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Baked dandelions recipe outcome served with red wine

Besides the new spring wardrobe, we all look forward to fresh vegetables and greens after a long winter. Here a baked dandelions recipe for using one of the first greens in your diet.

 

 

Fresh Greens, Vegetables, and Fruits Are Seasonal Only

Fresh vegetables, fruits, roots, and leaves are hard to get your hands on in Alaska except for July to early September at the Farmers Market. Lettuce doesn’t grow well in the Interior. Zucchinis do well when you are lucky that there is no frost in early June. Potatoes do well, as does cabbage, rhubarb (see photo above) and raspberries. When Alaskans grow vegetables in their yards, potatoes and all sorts of cabbage are among the favorites.

 

The First Greens Are Dandelions

What grows very early after snow-melt are dandelions. Yes, they are among the first blossoms after the long winter. And, yes, they look pretty. But which homeowner wants them in their lawn?

However, young dandelion leaves taste really good as a fresh salad. Thus, they are fresh greens with a great taste. At the end of this post, I will share a recipe for a baked dandelion dish. But first, let me explain what’s the deal with fresh greens and vegetables in Alaska.

 

Recycling of Lettuce and Alike in Winter

The rest of the year, any vegetables, fruits, roots, and leaves are flown in. This means they are expensive. In the middle of winter, a head of butter lettuce costs $4.50. Each day the lettuce gets smaller and smaller as stores remove the outer – meanwhile not so nice leaves – until the entire lettuce has reached its permanent wilting point or has become so small that there is no chance to sell it anymore. Probably, it then ends up in the store’s salad bar. 😉 Just kidding.

Why do Alaskans, buy these lettuces at $4.50 in winter? They are happy to have them at all!

 

Alaska’s Meat and Fish Diet

What you can eat in abundance in Alaska is meat and fish! There are buffalo and reindeer herds near Delta. Many Alaskans hunt and have moose or caribou. When you are invited to a potluck, most likely a friend killed what you eat.

However, only Alaskan Natives are allowed to sell caribou and moose meat. Therefore, you can’t buy it in the grocery store. However, you can exchange other food for it. Many Alaskans fish halibut or catch salmon. In August collected morsels, cranberries, and blueberries,  and sometimes even quilts or home-made clothes have a nice trading value too.

 

Alaska’s Overlooked Food Source

In my opinion, there is another – often overlooked – food, weeds that you can eat. Of course, they have no value to trade them in for any of the other Alaska food resources. Everybody has them in abundance in their own yard.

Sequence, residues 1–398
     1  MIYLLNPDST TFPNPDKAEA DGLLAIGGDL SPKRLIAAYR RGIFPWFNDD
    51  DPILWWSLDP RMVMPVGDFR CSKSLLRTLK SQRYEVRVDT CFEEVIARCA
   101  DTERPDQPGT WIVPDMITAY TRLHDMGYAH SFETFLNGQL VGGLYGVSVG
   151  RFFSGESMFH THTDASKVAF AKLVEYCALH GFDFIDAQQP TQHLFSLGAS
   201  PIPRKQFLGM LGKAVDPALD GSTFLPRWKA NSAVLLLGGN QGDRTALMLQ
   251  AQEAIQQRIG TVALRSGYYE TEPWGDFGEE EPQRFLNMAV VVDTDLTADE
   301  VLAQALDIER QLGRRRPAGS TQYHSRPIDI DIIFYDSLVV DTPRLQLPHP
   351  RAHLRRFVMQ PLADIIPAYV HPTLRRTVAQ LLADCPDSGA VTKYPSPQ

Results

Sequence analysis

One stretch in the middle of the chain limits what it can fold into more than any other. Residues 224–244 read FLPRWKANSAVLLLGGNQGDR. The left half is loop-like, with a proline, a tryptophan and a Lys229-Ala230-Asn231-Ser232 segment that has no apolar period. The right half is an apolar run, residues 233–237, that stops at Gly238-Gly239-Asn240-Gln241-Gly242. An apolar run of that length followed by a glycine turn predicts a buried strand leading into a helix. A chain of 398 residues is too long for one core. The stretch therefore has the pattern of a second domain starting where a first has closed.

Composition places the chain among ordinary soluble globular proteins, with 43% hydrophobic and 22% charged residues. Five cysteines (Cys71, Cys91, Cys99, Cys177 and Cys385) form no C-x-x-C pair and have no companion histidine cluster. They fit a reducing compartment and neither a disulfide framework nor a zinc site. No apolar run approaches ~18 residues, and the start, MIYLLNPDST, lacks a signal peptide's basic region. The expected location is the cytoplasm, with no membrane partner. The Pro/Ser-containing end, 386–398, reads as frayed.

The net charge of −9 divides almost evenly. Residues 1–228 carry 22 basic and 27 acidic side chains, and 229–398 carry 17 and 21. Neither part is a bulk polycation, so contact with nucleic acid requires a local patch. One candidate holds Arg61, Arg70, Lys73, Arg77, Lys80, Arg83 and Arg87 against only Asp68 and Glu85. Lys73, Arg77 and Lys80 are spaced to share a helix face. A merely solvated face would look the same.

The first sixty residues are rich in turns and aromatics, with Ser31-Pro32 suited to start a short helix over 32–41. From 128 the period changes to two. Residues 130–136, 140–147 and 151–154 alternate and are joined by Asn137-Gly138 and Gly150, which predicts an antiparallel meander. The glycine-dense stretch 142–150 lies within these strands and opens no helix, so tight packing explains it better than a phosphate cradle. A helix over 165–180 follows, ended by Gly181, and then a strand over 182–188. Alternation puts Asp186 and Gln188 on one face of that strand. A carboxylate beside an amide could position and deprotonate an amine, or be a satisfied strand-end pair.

Full disclosure, each summer, there are more dandelions and other edible weeds in our yard than we can eat. 😉

 

How to Prepare the Baked Dandelions Recipe

Pick a basket full of dandelion leaves. Make sure you don’t have any blossoms in it! Wash the leaves and make sure to take out all grass and other non-edible plant pieces. Cut the dandelions and other edible weeds into half inch stripes. In an oven-safe bowl, combine a cup of low fat (1%) milk, a cup of grated Parmesan cheese, 3 eggs, pepper to taste, and 2 table spoons of dried crushed basil (optional). Stir to blend. Add the cut leaves. Mix until all leaves are equally covered with the egg-milk-herb-cheese-pepper mixture.

Tip: Add a handful of leaves at a time.

Then cover the mixture with some additional Parmesan cheese. Put the dish into the pre-heated oven at 395F (~200oC) and bake for 45 (flat large dish) to 60 minutes (small high dishes like the one in the photos).

 

Energy saving tip: Bake a bread at the same time.

 

Infographic of Baked Dandelions Recipe

Click the infographic below to download the baked dandelion recipe.

infographic of Alaska baked dandelions recipe

 

Nutrition Facts

This baked dandelions recipe will serve four people as a side, or two people when served as the main dish with some home made bread. Red wine is a great pairing.

Calories (1 serving as side dish): 217
Total fat: 12 mg (18%)
Saturated fat: 6 mg (29%)
Cholesterol: 165 mg (55%)
Sodium: 456 mg (19%)
Potassium: 177 mg (5%)
Total carbohydrate: 10 mg (17%)
Dietary fiber: 1.9 mg
Sugar: 4 mg
Protein: 18 mg (33%)
Vitamin C: 50 mg (13%)
Iron: 1%
Vitamin B6: 5%
Magnesium: 5%
Calcium: 49%
Vitamin D: 10%
Cobalamin: 21 %

Enjoy.

https://youtube.com/shorts/F9Au0j51kOM&rel=0

 

Substitutes for Dandelion Leaves

The baked dandelions recipe also works with spinach, kale and/or radish leaves. However, it will miss the slightly bitter taste that you get with dandelions.

 

Another tip: Dandelions also taste great as a salad with two tablespoons of Dijon mustard, 1 tablespoon of balsamic vinegar, 1 tablespoon of olive oil, pepper and salt to taste blended as a dressing.

 

Interested in my Rhineland potato salad recipes?

Photos of me: G. Kramm
Other photos: N. Mölders

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